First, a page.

In May I saw this Tweet from engineer4change:
Pat Delaney, the designer of the MultiMachine, has been tinkering with an idea for the design of a cheap lathe made out of concrete and scrap for about 8 years now.
I’m an engineer, but a specialty of mine is 3D modeling. I’ve used Sketchup and Blender at work, and I spend so much time in Revit MEP that I often dream in it (funny story about that: ask me sometime).
I got in touch with Pat Delany, the genius behind the project, to figure out what he was about and what he was looking for. Check out this post at engineeringforchange.org for a quick introduction to the idea, but here’s the Cliff Notes:
Imagine a lathe that can be constructed out of scrap for a few hundred dollars and used to fix things like truck rotors, water pumps, windmill parts, or even a better version of itself. Self-replicating homemade machine tools that improve every iteration.
Pat has a potentially great idea but communicating a technical design solution to the world at large is never easy. The quality of your drawings can make or break the perceived legitimacy of your design, and that’s a obstacle that needs to be overcome before someone tries to use your drawings to actually build something.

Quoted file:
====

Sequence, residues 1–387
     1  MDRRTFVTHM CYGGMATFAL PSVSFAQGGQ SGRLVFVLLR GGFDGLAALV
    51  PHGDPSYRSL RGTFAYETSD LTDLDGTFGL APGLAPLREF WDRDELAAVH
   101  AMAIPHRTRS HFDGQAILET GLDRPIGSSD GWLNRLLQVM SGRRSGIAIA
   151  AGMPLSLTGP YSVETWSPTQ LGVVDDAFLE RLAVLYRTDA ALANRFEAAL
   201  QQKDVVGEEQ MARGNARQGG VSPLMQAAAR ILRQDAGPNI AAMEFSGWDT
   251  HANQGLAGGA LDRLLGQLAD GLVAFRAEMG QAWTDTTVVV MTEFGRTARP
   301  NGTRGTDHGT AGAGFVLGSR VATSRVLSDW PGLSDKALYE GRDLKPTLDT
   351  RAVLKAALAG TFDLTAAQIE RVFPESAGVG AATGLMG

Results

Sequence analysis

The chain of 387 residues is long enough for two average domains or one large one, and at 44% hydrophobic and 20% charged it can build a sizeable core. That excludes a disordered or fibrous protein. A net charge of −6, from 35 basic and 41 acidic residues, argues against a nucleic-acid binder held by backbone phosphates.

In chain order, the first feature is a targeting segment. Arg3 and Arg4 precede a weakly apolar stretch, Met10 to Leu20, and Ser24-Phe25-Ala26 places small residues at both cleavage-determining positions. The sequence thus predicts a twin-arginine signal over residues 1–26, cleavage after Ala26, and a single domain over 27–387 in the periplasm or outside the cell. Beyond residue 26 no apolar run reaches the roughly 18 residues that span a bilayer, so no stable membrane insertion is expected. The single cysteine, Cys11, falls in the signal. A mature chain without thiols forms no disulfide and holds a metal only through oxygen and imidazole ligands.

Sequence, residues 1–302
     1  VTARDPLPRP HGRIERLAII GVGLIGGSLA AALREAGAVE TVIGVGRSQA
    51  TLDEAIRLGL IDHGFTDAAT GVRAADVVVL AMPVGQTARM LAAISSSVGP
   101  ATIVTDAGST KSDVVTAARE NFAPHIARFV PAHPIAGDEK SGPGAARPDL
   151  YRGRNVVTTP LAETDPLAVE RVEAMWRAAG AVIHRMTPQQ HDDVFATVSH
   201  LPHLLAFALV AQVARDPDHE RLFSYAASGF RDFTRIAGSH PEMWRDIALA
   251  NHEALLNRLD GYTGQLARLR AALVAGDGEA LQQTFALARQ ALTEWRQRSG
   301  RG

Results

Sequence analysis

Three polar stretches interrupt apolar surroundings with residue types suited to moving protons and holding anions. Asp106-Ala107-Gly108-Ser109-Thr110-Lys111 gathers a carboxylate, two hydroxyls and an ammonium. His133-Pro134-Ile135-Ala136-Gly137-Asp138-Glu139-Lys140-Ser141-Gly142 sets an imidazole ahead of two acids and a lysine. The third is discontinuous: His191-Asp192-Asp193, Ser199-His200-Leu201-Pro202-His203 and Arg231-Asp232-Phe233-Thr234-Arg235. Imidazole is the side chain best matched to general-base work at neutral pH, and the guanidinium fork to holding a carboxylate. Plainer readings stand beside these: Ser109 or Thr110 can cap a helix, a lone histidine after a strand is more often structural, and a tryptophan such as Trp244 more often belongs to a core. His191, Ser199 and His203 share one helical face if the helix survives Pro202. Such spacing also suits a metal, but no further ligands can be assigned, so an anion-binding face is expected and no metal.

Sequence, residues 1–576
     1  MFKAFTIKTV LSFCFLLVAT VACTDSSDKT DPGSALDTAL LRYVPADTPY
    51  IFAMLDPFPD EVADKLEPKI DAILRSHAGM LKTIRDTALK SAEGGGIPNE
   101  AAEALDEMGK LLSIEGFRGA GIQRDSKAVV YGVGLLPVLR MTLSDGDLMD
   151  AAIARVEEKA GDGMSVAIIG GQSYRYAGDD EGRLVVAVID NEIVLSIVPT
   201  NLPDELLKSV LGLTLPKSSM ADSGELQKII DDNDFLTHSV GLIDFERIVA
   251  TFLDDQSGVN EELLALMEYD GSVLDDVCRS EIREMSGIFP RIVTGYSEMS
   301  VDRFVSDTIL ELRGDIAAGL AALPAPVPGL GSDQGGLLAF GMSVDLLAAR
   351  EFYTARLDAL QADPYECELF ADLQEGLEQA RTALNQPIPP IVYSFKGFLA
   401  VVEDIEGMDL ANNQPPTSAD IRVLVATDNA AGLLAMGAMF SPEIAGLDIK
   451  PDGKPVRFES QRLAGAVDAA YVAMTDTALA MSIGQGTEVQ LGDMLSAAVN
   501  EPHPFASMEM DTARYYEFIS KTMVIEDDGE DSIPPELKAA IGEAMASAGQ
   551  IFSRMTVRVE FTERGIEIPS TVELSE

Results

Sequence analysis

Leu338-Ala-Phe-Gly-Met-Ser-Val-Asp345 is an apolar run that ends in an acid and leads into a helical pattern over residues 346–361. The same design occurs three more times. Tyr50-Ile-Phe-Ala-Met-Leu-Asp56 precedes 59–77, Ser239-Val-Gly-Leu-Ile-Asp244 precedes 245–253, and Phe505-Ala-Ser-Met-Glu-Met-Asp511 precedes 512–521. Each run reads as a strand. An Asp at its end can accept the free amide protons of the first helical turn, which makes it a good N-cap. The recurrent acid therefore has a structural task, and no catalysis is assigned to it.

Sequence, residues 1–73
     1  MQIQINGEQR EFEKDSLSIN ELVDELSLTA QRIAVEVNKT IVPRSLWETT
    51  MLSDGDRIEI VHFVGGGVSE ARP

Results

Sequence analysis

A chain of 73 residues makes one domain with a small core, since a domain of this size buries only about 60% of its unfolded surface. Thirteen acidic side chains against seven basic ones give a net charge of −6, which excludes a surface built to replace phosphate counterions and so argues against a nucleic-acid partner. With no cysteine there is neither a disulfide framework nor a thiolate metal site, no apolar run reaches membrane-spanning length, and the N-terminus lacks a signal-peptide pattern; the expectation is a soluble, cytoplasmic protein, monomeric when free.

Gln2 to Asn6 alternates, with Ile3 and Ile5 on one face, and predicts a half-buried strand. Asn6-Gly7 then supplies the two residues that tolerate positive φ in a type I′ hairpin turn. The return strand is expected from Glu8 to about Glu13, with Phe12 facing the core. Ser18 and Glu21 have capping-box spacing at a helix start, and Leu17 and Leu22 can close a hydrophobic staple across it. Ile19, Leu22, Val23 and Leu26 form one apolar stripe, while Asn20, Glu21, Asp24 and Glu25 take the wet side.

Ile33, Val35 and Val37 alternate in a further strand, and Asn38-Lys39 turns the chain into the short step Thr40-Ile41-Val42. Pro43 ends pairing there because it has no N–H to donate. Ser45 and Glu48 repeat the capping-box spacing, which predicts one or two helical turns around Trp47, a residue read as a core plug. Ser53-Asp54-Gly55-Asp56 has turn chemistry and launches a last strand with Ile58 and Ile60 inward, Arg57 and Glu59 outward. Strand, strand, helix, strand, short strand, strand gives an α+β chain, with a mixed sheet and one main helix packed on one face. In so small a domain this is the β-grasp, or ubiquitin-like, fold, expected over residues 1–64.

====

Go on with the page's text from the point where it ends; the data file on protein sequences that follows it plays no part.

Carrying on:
This works both ways: good designs can appear bad if the drawings suck, and artful drawings can make even the worst designs appear compelling.
The goal is excellent, compelling visual communication paired with brilliant design.
My task, then, is to work with Pat and the others working on this design to:
- Create dimensioned living models to serve as a common reference point for the ongoing design work on the project.
- From the model, extract images and/or animations that will clearly communicate how the design will be built and operated. i.e., a visually based how-to-build manual.
- Create compelling visuals that clearly establish the narrative of the design. This is half design communication and half marketing, I think.
Right now I’m nearing substantial completion for task 1. I’ve got a lot of ideas for the next steps in this process and I’m itching to get to them.
This is the current model for the full-size lathe. Still some kinks to work out, but it’s starting to take shape:
I’m jumping into producing a smaller model that will be used to make the first small-scale lathes used as proof of concept.
I’m no machinist, so you won’t find much detailed discussion of the design principles of the lathe here (check out the Yahoo group for that). What I hope to do here is explore the use of visual communication skills and tools for the design and sharing of open source hardware projects.
We’ll see where it goes.